The elk were gone. It was over. We were not “busted” or “found out”. The herd bull had decided that we – “a group of cows and an aggressive bull” – were not worth the trouble. He thought we were elk, he might have even believed there was a hot cow among us, but we could not tip his behavior in our favor. He met our various strategies first with indifference. Then he invited us closer with a short lazy response bugle to our cow calls. Later, after bugling toward him, he sent down a challenge to stay back. And in our final escalation, cutting off his bugle with a raspy scream of our own, he chose non-confrontation – he simply left the situation, rounding-up his hot cow and the rest of his harem, leaving us behind.
Nobody drew their bow. Nobody saw an elk. No antlers on the wall, no meat in the freezer. Another “failed” encounter. We learned a few things, rehashing the encounter 10 times that night and in the following days (although it was less on our minds just a couple hours later, when we did put and elk on the ground). We wonder what-if. If only we had done this. If the elk had been over there. If only we had thought to do that. We learn by reflecting on the encounter. And we will take those lessons and will adjust our hunting in the future.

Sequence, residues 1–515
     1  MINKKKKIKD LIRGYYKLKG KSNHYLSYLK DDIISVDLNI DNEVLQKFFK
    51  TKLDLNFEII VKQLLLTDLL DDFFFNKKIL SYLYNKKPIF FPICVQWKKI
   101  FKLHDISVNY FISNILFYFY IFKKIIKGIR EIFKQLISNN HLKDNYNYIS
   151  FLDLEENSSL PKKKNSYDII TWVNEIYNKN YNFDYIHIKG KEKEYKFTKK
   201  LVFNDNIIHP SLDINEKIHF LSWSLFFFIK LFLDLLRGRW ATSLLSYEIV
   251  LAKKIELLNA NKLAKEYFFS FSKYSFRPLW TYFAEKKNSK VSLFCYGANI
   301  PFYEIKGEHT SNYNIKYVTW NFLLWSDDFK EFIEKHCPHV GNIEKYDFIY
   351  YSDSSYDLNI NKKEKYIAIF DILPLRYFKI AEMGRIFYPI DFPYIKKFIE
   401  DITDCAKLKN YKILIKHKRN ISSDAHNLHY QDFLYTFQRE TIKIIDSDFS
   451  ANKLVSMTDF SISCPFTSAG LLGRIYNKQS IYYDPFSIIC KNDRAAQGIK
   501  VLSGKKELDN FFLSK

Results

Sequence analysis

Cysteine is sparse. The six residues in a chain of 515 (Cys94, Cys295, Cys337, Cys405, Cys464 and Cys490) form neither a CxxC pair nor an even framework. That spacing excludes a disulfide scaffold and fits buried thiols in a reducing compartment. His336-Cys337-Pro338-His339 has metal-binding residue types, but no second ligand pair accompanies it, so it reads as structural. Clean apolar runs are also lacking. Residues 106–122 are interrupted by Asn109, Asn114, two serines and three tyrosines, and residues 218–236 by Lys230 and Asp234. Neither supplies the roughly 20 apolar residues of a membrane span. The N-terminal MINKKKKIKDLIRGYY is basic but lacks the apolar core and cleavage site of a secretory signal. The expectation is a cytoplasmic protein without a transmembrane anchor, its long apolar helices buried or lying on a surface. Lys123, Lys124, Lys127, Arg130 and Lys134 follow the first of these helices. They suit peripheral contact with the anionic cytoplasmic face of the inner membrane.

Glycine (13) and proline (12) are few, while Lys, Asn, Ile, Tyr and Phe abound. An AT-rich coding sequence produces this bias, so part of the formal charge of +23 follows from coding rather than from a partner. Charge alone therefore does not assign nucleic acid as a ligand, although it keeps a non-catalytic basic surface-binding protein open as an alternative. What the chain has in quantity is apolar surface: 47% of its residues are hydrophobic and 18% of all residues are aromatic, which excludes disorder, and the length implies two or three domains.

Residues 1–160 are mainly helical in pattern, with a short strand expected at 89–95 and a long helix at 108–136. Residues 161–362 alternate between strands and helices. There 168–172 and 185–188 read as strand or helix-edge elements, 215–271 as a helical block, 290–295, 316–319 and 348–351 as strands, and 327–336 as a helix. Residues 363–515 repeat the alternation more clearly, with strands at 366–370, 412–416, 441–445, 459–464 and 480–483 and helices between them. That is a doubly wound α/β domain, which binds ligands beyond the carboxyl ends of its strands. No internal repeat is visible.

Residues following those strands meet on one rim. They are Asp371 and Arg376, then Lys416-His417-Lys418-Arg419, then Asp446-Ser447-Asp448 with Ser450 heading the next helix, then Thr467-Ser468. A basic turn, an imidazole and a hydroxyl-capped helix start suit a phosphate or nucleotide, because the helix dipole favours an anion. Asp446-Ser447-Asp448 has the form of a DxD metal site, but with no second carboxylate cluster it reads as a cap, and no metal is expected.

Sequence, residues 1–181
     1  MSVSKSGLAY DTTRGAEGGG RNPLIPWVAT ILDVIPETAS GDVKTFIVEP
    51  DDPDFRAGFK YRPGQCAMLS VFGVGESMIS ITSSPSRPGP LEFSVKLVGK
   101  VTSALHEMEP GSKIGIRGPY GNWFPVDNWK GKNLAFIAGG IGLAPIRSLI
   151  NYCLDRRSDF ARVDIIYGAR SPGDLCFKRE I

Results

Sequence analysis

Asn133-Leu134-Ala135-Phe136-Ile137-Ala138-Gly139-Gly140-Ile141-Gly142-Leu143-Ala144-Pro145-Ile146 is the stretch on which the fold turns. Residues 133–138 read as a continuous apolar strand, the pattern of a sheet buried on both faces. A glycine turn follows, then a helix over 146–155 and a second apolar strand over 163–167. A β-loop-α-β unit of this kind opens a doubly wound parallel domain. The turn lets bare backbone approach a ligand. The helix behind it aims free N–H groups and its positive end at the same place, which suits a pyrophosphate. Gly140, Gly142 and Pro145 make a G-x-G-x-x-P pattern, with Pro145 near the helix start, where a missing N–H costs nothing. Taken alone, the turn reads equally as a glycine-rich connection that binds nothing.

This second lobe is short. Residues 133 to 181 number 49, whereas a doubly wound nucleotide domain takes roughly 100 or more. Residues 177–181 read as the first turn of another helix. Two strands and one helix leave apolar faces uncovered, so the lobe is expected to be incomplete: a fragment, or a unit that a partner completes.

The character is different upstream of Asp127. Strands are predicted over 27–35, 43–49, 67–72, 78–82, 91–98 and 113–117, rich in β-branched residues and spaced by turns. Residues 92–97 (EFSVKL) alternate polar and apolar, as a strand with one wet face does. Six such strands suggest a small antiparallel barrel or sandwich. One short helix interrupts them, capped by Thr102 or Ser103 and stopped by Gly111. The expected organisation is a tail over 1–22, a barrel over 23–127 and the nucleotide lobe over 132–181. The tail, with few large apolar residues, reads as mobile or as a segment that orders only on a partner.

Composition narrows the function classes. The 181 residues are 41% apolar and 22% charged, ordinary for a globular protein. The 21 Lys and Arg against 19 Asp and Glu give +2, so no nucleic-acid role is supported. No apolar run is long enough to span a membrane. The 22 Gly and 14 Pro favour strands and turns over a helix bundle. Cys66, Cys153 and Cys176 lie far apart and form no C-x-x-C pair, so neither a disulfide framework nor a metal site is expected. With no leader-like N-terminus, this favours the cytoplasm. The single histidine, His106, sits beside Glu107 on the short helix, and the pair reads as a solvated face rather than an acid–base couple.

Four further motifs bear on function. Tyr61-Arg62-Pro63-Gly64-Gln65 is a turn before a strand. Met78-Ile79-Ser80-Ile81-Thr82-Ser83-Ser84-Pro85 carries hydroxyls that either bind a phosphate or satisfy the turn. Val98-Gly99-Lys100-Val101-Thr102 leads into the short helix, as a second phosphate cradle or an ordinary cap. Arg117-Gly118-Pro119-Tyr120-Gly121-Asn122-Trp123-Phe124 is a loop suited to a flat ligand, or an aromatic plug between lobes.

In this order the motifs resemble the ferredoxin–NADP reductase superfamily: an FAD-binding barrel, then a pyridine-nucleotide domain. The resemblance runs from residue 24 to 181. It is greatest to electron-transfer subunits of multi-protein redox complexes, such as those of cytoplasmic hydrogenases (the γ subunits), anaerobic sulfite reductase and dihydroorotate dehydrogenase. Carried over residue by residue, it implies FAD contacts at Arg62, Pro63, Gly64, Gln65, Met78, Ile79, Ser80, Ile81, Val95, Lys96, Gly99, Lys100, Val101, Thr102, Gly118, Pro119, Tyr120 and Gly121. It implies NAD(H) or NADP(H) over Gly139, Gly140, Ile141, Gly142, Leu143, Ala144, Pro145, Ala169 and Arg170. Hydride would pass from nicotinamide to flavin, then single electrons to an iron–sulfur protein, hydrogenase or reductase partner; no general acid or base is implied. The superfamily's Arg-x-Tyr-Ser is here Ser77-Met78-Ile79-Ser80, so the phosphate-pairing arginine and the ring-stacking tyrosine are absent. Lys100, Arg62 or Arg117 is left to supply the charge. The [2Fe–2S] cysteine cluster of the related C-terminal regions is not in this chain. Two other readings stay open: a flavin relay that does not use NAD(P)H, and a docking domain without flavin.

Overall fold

But hardly could this be called a failure. It was a failure only in the narrowest sense of taking home an elk. It was awesome. We found a mountain full of screaming elk on a public land unlimited-license hunt. We walked in under our own power – boots on the feet, gear on the back, bow in the hand. We used knowledge gained from elk-woods experience, youtube and podcasts to understand the situation. We communicated back-and-forth with a 1,000-pound, wild, powerful, electrifying creature.
Gee whiz. It was just awesome. With some of my best friends in the world, brothers since we were 6 years old, doing what we talk about all year, getting into what we dream of every day. The bull’s 10,00-watt screaming lip-ball bugle, down the drainage toward us – “it’s on baby!”– that will be with us forever. You don’t always kill and elk, and maybe you don’t always have to. If you are alone, an encounter will leave you with a thrilling memory, a lesson and an “if-only”. If you are among the luckiest fellows in the world because you are surrounded by your great friends, then you will have one more treasure to add to the trove, one more story shared between you, a contribution to your bond and to the Saga of the Hunt.